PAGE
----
Urothelial carcinoma is a rare but aggressive Urological malignancy that accounts for less than 1% of urological malignancies . The age standardised ratio is estimated as 1.1/1,000,000 . It is often difficult to diagnose given its non-specific symptoms which include pain, dysuria, obstructive voiding, or urethral strictures . We review a case of Urethral Squamous cell carcinoma (SCC) presenting as Fourniere’s Gangrene and highlight the challenges in management of the condition.
A 47 year old man presented with a 2 month history of scrotal pain. A gangrenous urethra and a perineal abscess with frank pus draining from a sinus were noted on physical examination. Multiple debridements of the left hemiscrotum and perineum were performed at an outside hospital, without resolution of the Fourniers, depite 3 hospital admissions. Eventually, histopathology following a urethrectomy demonstrated a Urethral SCC. Magnetic resonance imaging (MRI) confirmed a lesion involving the Corpora Spongiosum with Spermatic cord involvement and Positron emission tomography showed an FDG-avid lesion in the groove between the anterior abdominal wall and the penile bulb. It was noted on Examination under anaesthesia of the rectum that the lower border of the tumour abutted and invaded the sphincter complex. Prominent Inguinal Lymph nodes were biopsied but demonstrated no evidence of SCC.
In the absence of distal metastases, the multidisciplinary consensus was for a Total Pelvic Exenteration with curative intent.
Intraoperative findings demonstrated a fungating growth at the penoscrotal junction arising from the penile urethra. There was involvement of the scrotal skin, right testicle, spermatic cord and perineum and the tumour extended above the anal sphincter. High anterior resection was performed with en bloc cystoprostatectomy, penectomy and scrotectomy with ileal conduit and end colostomy creation (Figures 1 and 2). A right sided myocutaneous anterolateral thigh flap and a left myocutaneous vertical rectus abdominus flap were used to reconstruct the groin and perineal defects (Figure 3).
Figure 1. Intraoperative Cranial view following complete surgical resection
Figure 2. Intraoperative Caudal view following complete surgical resection
Figure 3. Intraoperative view of the perineal defect post right sided myocutaneous anterolateral thigh flap and left myocutaneous vertical rectus abdominus flap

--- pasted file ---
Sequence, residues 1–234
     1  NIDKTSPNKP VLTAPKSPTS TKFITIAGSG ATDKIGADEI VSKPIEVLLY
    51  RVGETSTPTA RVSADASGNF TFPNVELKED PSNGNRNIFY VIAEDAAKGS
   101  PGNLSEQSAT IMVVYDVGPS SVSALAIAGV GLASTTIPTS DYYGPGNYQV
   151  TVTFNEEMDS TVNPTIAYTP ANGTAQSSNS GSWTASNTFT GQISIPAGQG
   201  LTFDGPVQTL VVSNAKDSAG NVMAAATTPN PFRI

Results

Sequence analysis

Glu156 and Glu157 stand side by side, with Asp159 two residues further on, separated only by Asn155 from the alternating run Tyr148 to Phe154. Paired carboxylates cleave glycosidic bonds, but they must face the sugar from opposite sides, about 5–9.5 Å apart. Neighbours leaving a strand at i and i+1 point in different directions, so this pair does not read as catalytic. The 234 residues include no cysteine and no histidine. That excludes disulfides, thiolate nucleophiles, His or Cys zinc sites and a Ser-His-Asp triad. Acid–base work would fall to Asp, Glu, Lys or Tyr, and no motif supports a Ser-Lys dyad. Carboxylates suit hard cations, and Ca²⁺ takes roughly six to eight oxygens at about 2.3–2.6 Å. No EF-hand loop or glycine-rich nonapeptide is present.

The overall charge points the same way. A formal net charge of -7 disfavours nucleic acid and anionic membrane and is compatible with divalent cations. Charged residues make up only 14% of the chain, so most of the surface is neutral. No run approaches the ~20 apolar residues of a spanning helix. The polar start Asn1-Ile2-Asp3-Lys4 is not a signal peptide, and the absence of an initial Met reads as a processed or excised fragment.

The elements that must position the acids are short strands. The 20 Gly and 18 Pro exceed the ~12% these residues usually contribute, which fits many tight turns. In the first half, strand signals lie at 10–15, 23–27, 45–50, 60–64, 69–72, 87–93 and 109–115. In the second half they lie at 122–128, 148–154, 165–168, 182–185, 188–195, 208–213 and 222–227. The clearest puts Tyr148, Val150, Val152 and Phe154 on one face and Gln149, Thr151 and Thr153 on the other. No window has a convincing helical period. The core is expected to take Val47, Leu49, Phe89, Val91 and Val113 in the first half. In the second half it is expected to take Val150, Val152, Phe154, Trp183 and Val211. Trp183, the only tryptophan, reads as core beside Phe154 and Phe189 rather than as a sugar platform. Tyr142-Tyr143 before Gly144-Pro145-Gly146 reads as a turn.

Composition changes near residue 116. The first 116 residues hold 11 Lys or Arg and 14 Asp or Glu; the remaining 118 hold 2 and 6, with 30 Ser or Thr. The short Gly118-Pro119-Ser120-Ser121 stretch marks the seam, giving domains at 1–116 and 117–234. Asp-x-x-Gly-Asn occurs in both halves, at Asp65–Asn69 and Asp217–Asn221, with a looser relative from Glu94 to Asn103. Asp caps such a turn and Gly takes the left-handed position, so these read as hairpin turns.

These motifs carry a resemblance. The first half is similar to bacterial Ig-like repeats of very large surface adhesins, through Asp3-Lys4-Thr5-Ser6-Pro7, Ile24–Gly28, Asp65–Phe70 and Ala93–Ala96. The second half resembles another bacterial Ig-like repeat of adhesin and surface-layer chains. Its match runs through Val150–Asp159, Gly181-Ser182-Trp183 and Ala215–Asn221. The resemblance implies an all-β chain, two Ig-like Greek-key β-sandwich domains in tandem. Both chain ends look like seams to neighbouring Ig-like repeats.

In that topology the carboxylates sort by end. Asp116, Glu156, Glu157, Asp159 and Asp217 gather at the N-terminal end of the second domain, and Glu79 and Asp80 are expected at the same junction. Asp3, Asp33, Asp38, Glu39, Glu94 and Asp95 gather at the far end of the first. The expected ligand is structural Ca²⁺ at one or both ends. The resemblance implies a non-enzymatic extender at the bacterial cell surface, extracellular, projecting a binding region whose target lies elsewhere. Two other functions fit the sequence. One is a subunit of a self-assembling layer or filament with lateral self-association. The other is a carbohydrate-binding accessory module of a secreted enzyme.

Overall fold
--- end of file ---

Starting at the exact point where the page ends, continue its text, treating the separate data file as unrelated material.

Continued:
The Final histopathology demonstrated a 70 mm well differentiated squamous cell carcinoma of the spongy part of the urethra, invading corpus spongiosum and adipose stroma with a maximum radial invasive thickness of 20mm, well clear of surgical margins. The patient had a relatively uneventful recovery and on 3monthly review the abdominal wound and the myocutaneous flaps had healed well.
Current evidence remains inconclusive in regards to long term survival following treatment, however, Urethral SCC is generally associated with a poor 5 year survival rate of 5 - 15% . Treatment of these malignancies remain controversial given the limited number of cases. Radical surgical resection however, remains the mainstay of treatment for locally invasive tumours in the absence of metastatic disease . Current guidelines suggest partial or total penectomy is required if there is established invasion into the corpora cavernosum. Primary chemoradiotherapy can be considered in the event of a T1-2 N0 tumour .
To our knowledge only four other cases have been reported where a urethral abscess was subsequently diagnosed as a Urothelial carcinoma [7-10]. In 3 out of the previous 4 documented cases the patient was treated with multiple debridements and the administration of broad spectrum antibiotics without resolution, and there was a delayed time to histopathological diagnosis as in our case. Delayed diagnosis is a well-known phenomenon with urothelial carcinoma and likely has an influence on prognosis .
Our case highlights the need to consider urothelial carcinoma in the case of recurrent Urethral or Scrotal Abscess not amenable to surgical debridement and antibiotic administration. There is limited data on the outcomes of this malignancy following radical resection and multi-institution involvement is required to clarify the appropriateness of this approach.
The author(s) would like to acknowledge the staff at Peter MacCallum Cancer Centre involved in the care of this patient.
Disclosures of interest
The author(s) declare no potential conflicts of interest.
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